Why are syphilis cases increasing in the United States? This is what the doctors say



Two decades ago, syphilis was almost eradicated in the country. But despite the best efforts of medical professionals and advocates, the disease has never completely gone away.

Six years ago, cases of syphilis and other sexually transmitted diseases began to spread at a faster rate: between 2015 and 2019, cases of chlamydia, gonorrhea and syphilis increased by 30%, according to the Centers for Disease Control and Prevention (CDC). Even more alarming, cases of syphilis in newborns (also known as congenital syphilis, which can cause major health problems in infants) have almost quadrupled during the same period.

Almost 130,000 cases syphilis at all stages were reported in 2019, reports the CDC, an increase of 11.2% from the previous year. The infection also has a disproportionate impact on already vulnerable populations: Blacks, Native Americans and Hispanics are most at risk, as are men who have sex with men.

Although the CDC has yet to finalize the 2020 figures, the agency has already announced that there was more cases of congenital syphilis last year than in 2019. But why is syphilis, an easily treatable infection, on the increase? And what to do against its spread? Here, the doctors explain everything you need to know about sexually transmitted infection.

What is syphilis and what are its symptoms?

Syphilis is a sexually transmitted infection that is most commonly spread during vaginal, anal or oral sex, depending on the doctor. CDC, when the skin touches the infected skin. It progresses in three stages, explains Latasha Murphy, MD, gynecologist and surgeon at the Mercy Medical Center Gynecology Center in Baltimore: primary, secondary, latent and tertiary.

Primary syphilis is characterized by one or more round, painless sores, called chancre, at the site of infection, says Dr. Murphy. Chancres usually occur on or around the genitals, anus, or mouth, the CDC explains. Secondary syphilis usually involves a rash on one or more parts of the body, including the palms and soles of the feet, says Dr. Murphy, along with general symptoms like fever and swollen lymph nodes. (Both of these steps can be light and easy to miss.)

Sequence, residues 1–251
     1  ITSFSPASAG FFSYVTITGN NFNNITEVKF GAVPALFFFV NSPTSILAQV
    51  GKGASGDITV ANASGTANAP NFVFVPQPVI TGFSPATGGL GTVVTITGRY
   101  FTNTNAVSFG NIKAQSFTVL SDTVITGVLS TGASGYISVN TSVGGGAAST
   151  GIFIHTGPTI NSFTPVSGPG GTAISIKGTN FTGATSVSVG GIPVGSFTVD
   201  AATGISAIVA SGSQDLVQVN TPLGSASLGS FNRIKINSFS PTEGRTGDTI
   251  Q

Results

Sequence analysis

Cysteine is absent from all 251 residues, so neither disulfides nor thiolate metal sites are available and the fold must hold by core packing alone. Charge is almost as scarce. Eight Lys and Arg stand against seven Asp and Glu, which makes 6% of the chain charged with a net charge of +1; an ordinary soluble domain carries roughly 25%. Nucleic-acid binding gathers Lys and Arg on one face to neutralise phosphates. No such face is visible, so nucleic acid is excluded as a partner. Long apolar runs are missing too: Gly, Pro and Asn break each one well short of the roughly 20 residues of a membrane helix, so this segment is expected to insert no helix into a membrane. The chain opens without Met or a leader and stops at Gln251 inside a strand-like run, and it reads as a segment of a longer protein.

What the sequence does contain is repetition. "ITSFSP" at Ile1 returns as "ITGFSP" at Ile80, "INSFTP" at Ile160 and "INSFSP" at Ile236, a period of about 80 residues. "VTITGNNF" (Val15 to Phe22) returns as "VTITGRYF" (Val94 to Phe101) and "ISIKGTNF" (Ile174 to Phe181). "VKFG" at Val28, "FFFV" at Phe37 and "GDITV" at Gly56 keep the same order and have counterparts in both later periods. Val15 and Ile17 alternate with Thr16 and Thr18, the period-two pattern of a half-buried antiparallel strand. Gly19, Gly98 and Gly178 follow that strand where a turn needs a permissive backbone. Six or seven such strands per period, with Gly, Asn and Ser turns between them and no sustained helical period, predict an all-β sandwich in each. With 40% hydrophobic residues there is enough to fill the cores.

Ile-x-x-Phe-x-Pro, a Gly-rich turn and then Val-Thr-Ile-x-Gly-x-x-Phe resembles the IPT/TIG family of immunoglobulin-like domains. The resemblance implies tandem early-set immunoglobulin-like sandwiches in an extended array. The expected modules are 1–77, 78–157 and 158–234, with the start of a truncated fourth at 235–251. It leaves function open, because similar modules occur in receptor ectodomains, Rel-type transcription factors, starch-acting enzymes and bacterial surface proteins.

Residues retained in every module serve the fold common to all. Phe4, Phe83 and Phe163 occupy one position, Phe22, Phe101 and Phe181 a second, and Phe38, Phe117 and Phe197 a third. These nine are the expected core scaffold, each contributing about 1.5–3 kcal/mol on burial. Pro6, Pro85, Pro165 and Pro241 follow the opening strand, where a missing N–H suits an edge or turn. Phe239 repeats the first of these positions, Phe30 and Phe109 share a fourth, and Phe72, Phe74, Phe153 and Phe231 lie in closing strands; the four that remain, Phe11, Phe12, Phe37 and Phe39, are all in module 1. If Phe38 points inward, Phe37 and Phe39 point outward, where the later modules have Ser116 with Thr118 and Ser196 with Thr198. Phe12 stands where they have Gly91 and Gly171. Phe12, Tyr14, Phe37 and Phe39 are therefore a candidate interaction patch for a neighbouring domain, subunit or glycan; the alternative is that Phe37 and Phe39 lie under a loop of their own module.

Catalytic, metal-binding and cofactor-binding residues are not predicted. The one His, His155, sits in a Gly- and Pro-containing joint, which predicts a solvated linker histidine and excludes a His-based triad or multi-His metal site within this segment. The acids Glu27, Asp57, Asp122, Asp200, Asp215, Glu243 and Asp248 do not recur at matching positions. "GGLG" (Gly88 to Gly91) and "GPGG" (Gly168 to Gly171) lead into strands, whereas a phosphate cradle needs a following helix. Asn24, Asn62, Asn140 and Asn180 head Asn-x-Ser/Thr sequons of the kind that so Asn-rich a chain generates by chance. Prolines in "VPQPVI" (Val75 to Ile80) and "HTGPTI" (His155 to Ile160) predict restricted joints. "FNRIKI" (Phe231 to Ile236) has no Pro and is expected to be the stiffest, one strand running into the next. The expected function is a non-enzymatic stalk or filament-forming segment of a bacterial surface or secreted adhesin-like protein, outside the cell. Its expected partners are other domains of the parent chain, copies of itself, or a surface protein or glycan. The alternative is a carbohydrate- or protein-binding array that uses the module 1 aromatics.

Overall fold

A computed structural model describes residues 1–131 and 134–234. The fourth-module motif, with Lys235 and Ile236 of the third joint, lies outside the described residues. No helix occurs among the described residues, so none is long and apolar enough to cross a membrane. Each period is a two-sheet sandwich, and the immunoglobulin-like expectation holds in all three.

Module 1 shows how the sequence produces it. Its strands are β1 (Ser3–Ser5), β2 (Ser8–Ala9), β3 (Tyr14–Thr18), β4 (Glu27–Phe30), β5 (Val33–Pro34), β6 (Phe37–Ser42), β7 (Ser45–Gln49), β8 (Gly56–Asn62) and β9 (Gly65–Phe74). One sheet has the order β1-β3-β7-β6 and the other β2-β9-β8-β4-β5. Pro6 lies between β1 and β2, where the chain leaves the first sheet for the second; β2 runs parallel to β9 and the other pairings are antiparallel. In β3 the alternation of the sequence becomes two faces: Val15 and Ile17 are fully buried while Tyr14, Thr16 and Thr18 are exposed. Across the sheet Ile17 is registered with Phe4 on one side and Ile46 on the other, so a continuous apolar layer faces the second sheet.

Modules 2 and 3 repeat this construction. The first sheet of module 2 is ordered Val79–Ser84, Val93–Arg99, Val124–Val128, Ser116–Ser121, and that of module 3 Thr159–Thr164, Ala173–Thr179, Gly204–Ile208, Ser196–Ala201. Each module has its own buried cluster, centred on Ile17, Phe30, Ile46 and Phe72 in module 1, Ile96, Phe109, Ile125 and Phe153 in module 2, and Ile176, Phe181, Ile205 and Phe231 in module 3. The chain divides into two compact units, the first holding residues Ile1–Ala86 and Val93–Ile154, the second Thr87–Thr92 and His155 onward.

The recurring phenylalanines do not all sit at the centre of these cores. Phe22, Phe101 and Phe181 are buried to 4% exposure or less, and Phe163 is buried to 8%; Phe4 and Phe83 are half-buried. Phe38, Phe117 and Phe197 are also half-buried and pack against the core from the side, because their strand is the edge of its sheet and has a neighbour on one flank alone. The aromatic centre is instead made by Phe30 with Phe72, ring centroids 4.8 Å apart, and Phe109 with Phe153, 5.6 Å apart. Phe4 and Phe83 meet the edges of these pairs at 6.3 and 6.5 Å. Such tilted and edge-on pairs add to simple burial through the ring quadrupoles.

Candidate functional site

Next is the latent stage, which is asymptomatic and occurs without treatment, says Dr. Murphy. Finally, the tertiary stage, which can occur after as little as one year or as long as 30 years – is the last stage of syphilis infection. Most people with syphilis don’t reach this stage, but those who have problems with several organ systems, including the brain, eyes, heart, and blood vessels, says Dr. Murphy. “Tertiary syphilis can be very dangerous and even fatal,” she warns. Organ damage and death are common results of this stage.

What is congenital syphilis?

Although the vast majority of syphilis cases are spread through skin-to-skin contact during sex, says Matthew Hammill, MBCh.B., Ph.D., MPH, M.Sc., an assistant professor of medicine in the Johns Hopkins University School of Medicine and an STD researcher, others occur during pregnancy. Congenital syphilis occurs when infected mothers pass it on to their babies.

“Every baby born with congenital syphilis is a failure of the health care system.”

The effects of congenital syphilis can be “devastating” on babies, mothers and families, explains Hammill. The infection can cause miscarriage, stillbirth, premature birth, low birth weight and death soon after birth, depending on the doctor. CDC. On 40% babies born to mothers with untreated syphilis will die.